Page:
Last week I finished reading a really excellent book called “Stiff”, by Mary Roach. It’s about human cadavers and what happens (in a scientific and humorous way) after we die. I realize this could be considered morbid, but it was a really good book and the reality of the situation is that one day, we will all be cadavers. As an additional note, I wasn’t drinking when I read this and it’s been messing with me for days.
Apparently the human body is 73.8% water. Which I did some calculations and (while I am absolutely no mathematician) learned that all my stuff equals 34.32 pounds. All my stuff. Without water, that means my skin, bones, muscles, fat, organs and BRAIN only weigh 34-ish pounds. I really strongly feel like it should be more than that.
So, excluding water, my brain alone weighs less than a pound. The average brain weighs 3 lbs, so if it’s 73.8% water, I’m going to conclude that my brain weighs around ¾ of a pound. Of course, please keep in mind that I am not a medical professional and my mathematical skills aren’t exactly top-notch either.
Sometimes when I’m running, I wear a weighted vest. Just an ultra-marathon style vest and I pack it full of little bags of sand that weigh two pounds each (but there are a few of said sand bags). I increase it over the season and then when I race, I feel so much lighter. Plus (I hope) if I increase over time then I will be better prepared for races where I have to carry all my supplies. My point here being that each one of those little sand bags is more than double what my brain weighs.
A few weeks ago I tried interval fasting. Six days of limiting my caloric intake to less than 500 calories while still running (barely) and drinking tons of water. Since then I’ve increased caloric intake back to normal and increased my running. The fasting wasn’t particularly remarkable apart from that I was hungry and tired ALL THE TIME. In reading about it later I learned that it’s actually a terrible idea for athletes and people with medical conditions (which is not surprising. I just wasn’t using that 1-ish pound thing inside my head). I did, however, lose about four pounds (and I haven’t gained them back…yet). That’s more than four times the weight of my brain.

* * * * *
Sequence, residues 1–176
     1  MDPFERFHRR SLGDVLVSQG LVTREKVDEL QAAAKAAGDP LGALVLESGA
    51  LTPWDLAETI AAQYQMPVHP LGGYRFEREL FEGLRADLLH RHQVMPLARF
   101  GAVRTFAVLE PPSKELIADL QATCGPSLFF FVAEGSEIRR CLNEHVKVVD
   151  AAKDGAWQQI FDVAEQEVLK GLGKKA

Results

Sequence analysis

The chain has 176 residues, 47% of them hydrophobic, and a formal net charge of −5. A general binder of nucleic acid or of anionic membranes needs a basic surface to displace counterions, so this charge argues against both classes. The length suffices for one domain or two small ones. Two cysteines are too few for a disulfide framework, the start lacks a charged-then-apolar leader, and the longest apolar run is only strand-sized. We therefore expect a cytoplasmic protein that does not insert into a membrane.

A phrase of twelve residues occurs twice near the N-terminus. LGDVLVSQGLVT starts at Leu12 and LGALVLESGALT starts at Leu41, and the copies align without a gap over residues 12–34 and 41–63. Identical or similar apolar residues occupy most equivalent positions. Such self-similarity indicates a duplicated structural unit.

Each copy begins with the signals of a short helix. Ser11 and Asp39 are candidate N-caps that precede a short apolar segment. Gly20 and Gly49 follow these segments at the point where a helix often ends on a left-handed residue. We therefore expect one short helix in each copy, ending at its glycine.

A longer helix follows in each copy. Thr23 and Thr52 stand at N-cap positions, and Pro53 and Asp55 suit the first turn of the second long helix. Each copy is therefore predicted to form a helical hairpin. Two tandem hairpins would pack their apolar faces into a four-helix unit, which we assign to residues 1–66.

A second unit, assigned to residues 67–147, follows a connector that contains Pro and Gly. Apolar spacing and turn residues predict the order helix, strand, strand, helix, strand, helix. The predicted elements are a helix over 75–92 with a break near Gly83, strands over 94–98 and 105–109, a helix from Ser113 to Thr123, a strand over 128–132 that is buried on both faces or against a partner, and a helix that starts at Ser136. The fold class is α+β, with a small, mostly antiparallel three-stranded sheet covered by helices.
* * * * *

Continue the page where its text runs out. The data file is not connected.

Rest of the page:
My brain. That squishy thing that makes everything happen. It makes decisions. It starts the motivation to go running. It makes arguments. It has seizures. It can be sad or happy or outraged or sarcastic.
Somewhere in that specific 0.75 pounds of me is epilepsy. Somewhere and everywhere in that 0.75 lbs is the condition that has changed my life. That has resulted in injuries. That has resulted in emotional and physical trauma. That has meant there are things that I cannot do. Somewhere in there is the reality that puts me at risk when I shower, run, walk, exist.
Also in that 0.75 pounds is ME. All of me. It’s the place that the decision has been made not to let epilepsy stop me or slow me down. It’s the place that the decision was made to be athletic. It’s the place that the decision was made push myself farther and faster. To be ambitious and want a professional career. To be kind. To travel and find adventure. To love and to hurt. To be fabulous. To not have children. To be dramatic. To go to university. To move to a new city. 0.75 pounds that remembers all of the song lyrics. That makes poor choices like interval fasting. That makes excellent choices like attending yoga classes. That can’t manage to make a full sentence around celebrities. That can design great Halloween costumes.
From that 0.75 lbs, I started writing a blog. I met amazing people and spoke about my experiences at a conference. All of the things in that 0.75lbs, the epilepsy and the choices, have combined to make who I am, including growing and evolving as a person. When I think about it, how can I not love my brain? Whatever portion has seizures, I believe that it is such a small portion compared to all the other things in there. The other 33.57 lbs have done a lot as well, but what they do begins in my brain. Every muscle movement, every extra deep breath in yoga class, every enthusiastic but poorly performed karaoke song, all of that started in my brain. No wonder I have epilepsy. Maybe sometimes that busy brain needs a break and to re-set.
So, in conclusion to this entry, for a thing that weighs less than a pound, my brain is a very crowded place. But it still weirds me out that my brain weighs less than my lunch bag.